Phase 3

As states enter Phase 3, vulnerable populations can resume public interactions, however all individuals should still practice social distancing when they can including avoiding crowds. Employers can begin using unrestricted staffing including bringing back telework employees if appropriate.

The near normal stage will still require individuals to be aware of their surroundings and avoid large gatherings or close contact with others. Social gatherings at bars, restaurants, and events are allowed. Hospitals and senior care facilities can reopen to visitors who use good hygiene and show no symptoms.


Role of Governors and other state officials

While these guidelines offer a roadmap to reopening, every state’s governor will be the ultimate arbiter of when a state’s stay-at-home or non-essential business closure order is lifted. Several regions including six states in the Northeast and a group of West coast governors have entered into agreements to work together on reopening their regions.

Several governors have started to make preparations that follow these guidelines with plans to enter Phase 1 on May 1, the day after the current federal social distancing guidelines expire. Other states have extended their stay-at-home orders past May 15:


  • California
  • New Jersey
  • Connecticut
  • New York
  • Delaware
  • Oregon
  • District of Columbia
  • Rhode Island
  • Kentucky
  • Vermont
  • Maryland
  • Virginia
  • Massachusetts
  • Washington
  • Minnesota
  • West Virginia
  • New Hampshire
 

 

Resources for tracking gating requirements

States have been releasing data on the number of COVID-19 cases and several websites are aggregating that data. The University of Washington has also modeled peak hospital resource use that can be used to help determine when states will reach some of the gating requirements.

  • Tracking new cases: The New York Times has compiled all reported cases on a daily basis, their state tracking table shows daily case growth on a colored graph, as the color gets lighter, the number of new cases decreases. This data is also available at the county level. Click here to view state cases.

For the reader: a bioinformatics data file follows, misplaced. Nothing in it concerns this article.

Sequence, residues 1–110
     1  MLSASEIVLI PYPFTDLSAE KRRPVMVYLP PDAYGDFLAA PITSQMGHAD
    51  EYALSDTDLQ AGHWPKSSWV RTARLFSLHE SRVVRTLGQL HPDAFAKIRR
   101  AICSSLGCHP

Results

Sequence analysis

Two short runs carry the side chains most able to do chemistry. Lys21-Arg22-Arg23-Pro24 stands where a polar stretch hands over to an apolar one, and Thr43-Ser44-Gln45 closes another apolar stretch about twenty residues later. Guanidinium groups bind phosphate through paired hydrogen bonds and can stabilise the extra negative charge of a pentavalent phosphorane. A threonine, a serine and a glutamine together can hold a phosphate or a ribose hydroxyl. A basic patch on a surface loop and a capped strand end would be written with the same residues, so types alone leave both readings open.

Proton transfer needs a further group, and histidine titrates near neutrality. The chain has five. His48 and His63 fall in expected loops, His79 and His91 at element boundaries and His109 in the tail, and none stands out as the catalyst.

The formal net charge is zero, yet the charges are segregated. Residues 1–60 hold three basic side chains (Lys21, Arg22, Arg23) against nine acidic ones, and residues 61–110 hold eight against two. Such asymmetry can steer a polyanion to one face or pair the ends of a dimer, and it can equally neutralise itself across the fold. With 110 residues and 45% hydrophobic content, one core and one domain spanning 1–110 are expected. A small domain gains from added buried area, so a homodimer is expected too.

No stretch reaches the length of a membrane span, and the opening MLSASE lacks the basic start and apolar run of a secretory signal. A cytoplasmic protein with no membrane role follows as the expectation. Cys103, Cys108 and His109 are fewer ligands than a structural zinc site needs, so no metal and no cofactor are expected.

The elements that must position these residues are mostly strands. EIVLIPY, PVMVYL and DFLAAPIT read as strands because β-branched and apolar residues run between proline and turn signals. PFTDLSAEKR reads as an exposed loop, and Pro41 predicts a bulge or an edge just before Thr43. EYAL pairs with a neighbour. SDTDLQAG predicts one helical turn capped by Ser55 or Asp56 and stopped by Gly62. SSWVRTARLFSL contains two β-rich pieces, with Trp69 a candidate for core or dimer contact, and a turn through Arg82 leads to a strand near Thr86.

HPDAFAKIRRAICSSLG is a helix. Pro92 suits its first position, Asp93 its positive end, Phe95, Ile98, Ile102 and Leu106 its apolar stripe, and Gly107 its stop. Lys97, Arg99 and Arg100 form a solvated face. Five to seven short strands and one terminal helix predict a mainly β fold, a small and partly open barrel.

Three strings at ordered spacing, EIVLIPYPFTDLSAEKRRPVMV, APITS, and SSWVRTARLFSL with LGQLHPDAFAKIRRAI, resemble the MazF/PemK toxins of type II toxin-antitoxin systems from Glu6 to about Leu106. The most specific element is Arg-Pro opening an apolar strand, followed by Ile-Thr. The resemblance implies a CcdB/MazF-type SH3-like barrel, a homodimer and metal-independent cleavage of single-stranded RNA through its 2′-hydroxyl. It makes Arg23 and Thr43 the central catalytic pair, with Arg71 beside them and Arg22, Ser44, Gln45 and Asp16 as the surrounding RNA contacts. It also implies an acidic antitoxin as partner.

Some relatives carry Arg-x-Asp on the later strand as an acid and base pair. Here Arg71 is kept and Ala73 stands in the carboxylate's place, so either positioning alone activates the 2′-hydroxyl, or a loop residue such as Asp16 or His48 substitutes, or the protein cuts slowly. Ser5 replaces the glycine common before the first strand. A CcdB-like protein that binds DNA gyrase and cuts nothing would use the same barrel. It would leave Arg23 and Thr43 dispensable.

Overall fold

• Tracking visualization: Utilizing the NYT’s data, this source puts the visualization into graph form. As a state’s line starts to move down it indicates a decrease in the number of new cases compared to the previous day, nearly all states are currently decreasing. Click here to view this visualization. This current comparison shows three states with varying degrees of new cases, Washington is seeing the fastest drop, New York is starting so slow, while South Dakota is continuing to increase. Any state can be selected in the right-hand menu.
  • Test tracking: The COVID-19 tracking project has been updating their data daily with the number of new tests including positive and negative results, and in some cases the number of recovered patients. For states that are seeing increasing number of cases, it is possible the total number of tests are increasing at a rate that the total proportion of positive tests are decreasing and meet the gating requirements. Click here to view testing data.
  • Hospital capacity: The University of Washington’s Institute for Health Metrics and Evaluation has modeled every state’s hospital capacity and the expected date to reach capacity. Once the solid lines are below the dashed lines in the model’s top graph a state is expected to be below maximum capacity and qualifies for this gating requirement. Click here to view the model.

These data sources and models can help to determine where states are in meeting their gating requirements, however issues like weekend data being reported on a Monday may make the data appear to increase when the actual daily numbers continue to decrease. Every state’s governor will make the final decision on when to lift stay-at-home or non-essential business closure orders and you should follow their news releases for the best information.


HARDI is working on developing a tool to aggregate these data sources for members to more easily track how their states are progressing towards reopening.

Contact Alex Ayers for more information or any questions and visit our COVID-19 resource page for more on this topic.